To be honest, I'm still trying to wrap my head around the concept of Idempotency and how to best apply it in my web application architectures. But, from what I have seen and what I have discussed with the likes of Ben Darfler here at InVision, I am deeply convinced that an Idempotent mindset is a key component of a successful project.
The attempt to write Idempotent code forces you to think about failure modes and requires you to consider what happens when systems inevitably go wrong. This leads to logic that is more flexible and robust because it is less likely to ever leave an application in a "bad state".
Database indexing is not a dark art.
For the first few years of my web development career, I didn't even know that databases had indices. And, when I first tried one, it blew my mind - so much so that I still remember it vividly well over a decade later.
Once I knew that database indices created more performant applications, I tried to learn more about them; but, I had trouble finding information that I could easily understand. As such, I started to believe database index design was some kind of magic - something that few people knew much about.
Eventually, I came to realize that database indices are not magic. In fact, they're fairly straightforward. Not so long ago, I poured my heart into a write-up on this matter, "The Not-So-Dark Art Of Designing Database Indexes: Reflections From An Average Software Engineer". If you are curious about database index design, take a look.
I guess this one isn't much of a "lesson"; I just wish I had known about and understood database indices much earlier in my career. It would have enabled me to write much more efficient applications. And, it would have helped me to think about the difference between data-reads and data-writes.
Exceptions are for developers, error responses are for users.
Error handling is hard. It's something that I've struggled to "get right" for years. To date, one of the best insights about error handling came to me from Mark Seemann in his article, "Exception messages are for programmers". It was perhaps the first time that I saw someone clearly identify the separation between the errors that an application sees internally and the errors that it reports to its users.
In fact, I was so excited by Mark's post that I basically re-posted it in my own words, calling out the need for a "Translation Layer" within the application that manufactures user-safe error messages based on exceptions thrown within the application. This separation of concerns was truly an "Ah Ha!" moment for me; and, one that really brought much of my thinking on error-handling into focus.
Just as with database index design, I attempted to take all of my reading and learning on error handling and pour it into a post, "Considering When To Throw Errors, Why To Chain Them, And How To Report Them To Users". It reduces error handling to set of DO and DO NOT directives that help guide me in my application layering.
Caching needs to be done in the right layer.
Caching is both terribly powerful and terribly complex. In fact, cache invalidation (just one aspect of caching) is said to be one of the two hardest parts of computer science, right along with naming and off-by-one errors. The complexity of caching can be amplified if it's done at the wrong layer of the application.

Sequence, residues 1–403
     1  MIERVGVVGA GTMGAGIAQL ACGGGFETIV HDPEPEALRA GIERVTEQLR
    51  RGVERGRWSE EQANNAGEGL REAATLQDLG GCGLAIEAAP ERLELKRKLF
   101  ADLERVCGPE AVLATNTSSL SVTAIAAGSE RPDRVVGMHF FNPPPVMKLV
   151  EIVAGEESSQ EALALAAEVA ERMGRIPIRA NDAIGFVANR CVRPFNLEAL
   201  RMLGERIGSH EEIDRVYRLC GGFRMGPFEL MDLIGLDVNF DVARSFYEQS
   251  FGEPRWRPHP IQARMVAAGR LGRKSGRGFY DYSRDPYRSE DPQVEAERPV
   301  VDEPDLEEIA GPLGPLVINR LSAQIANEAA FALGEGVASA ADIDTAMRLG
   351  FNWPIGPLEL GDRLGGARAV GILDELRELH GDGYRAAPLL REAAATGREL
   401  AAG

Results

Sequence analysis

This is - at least in part - what caused the incident that prompted this blog post. Well, caching combined with "clever code." I had a control-flow that was performing caching across two layers of the application. This caused caching to be used at unexpected times which lead to a mysterious race-condition which caused the incident.
There is no one "correct" place to do caching in a tiered application. I believe that the best place to do caching is closest to the domain of expertise; and that the knowledge of said caching shouldn't leak outside of that layer.
What I mean by this is that caching should be contained within the tier that knows when and how to cache. And, that the tier above it / below it shouldn't have to know if - or depend upon - whether or not the data in question is cached.
A good illustration of this might be a Service Worker in a Progressive Web App (PWA). Even if a Service Worker is capable of caching an AJAX payload, the application that's built on top of that Service Worker should never assume that an AJAX payload is cached; and, if the application needs caching of data, the application should explicitly cache the data in the application logic.
In other words, the application should cache data based on business rules (its domain of expertise) even if the Service Worker is already caching some data based on HTTP Headers and pre-loading strategies (its domain of expertise). To let the knowledge of the Service Worker behavior leak into the application layer is to create tight-coupling between the layers, which leads to code that is harder to understand, maintain, and debug.
To paraphrase Dicky Fox from Jerry Maguire, in web development, I've failed as much as I've succeeded. And with each failure, I've learned new lessons that paved the way for future success. In this post, I wanted to outline some of the most important lessons that I think I've learned - the ones that really burned me good and lead me to some powerful moments of clarity. Hopefully some of this has either struck a chord in you; or, at the very least, gave you some food for thought.